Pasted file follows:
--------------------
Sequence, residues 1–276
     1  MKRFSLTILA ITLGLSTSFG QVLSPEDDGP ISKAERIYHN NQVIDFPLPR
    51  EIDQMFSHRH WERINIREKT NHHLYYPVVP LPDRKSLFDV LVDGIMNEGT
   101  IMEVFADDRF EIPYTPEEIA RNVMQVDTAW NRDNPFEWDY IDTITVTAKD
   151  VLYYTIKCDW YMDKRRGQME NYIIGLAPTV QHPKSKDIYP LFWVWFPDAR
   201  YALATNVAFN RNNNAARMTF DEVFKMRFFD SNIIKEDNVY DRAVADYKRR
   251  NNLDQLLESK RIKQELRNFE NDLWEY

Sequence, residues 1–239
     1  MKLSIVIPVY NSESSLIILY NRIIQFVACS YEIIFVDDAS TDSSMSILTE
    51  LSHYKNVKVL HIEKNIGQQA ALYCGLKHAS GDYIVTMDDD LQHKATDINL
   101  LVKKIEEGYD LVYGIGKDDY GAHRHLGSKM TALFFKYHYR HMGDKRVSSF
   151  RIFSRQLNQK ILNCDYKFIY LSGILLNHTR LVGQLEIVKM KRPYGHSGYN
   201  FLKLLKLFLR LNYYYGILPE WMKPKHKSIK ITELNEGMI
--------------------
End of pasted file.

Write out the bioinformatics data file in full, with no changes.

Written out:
Sequence, residues 1–276
     1  MKRFSLTILA ITLGLSTSFG QVLSPEDDGP ISKAERIYHN NQVIDFPLPR
    51  EIDQMFSHRH WERINIREKT NHHLYYPVVP LPDRKSLFDV LVDGIMNEGT
   101  IMEVFADDRF EIPYTPEEIA RNVMQVDTAW NRDNPFEWDY IDTITVTAKD
   151  VLYYTIKCDW YMDKRRGQME NYIIGLAPTV QHPKSKDIYP LFWVWFPDAR
   201  YALATNVAFN RNNNAARMTF DEVFKMRFFD SNIIKEDNVY DRAVADYKRR
   251  NNLDQLLESK RIKQELRNFE NDLWEY

Sequence, residues 1–239
     1  MKLSIVIPVY NSESSLIILY NRIIQFVACS YEIIFVDDAS TDSSMSILTE
    51  LSHYKNVKVL HIEKNIGQQA ALYCGLKHAS GDYIVTMDDD LQHKATDINL
   101  LVKKIEEGYD LVYGIGKDDY GAHRHLGSKM TALFFKYHYR HMGDKRVSSF
   151  RIFSRQLNQK ILNCDYKFIY LSGILLNHTR LVGQLEIVKM KRPYGHSGYN
   201  FLKLLKLFLR LNYYYGILPE WMKPKHKSIK ITELNEGMI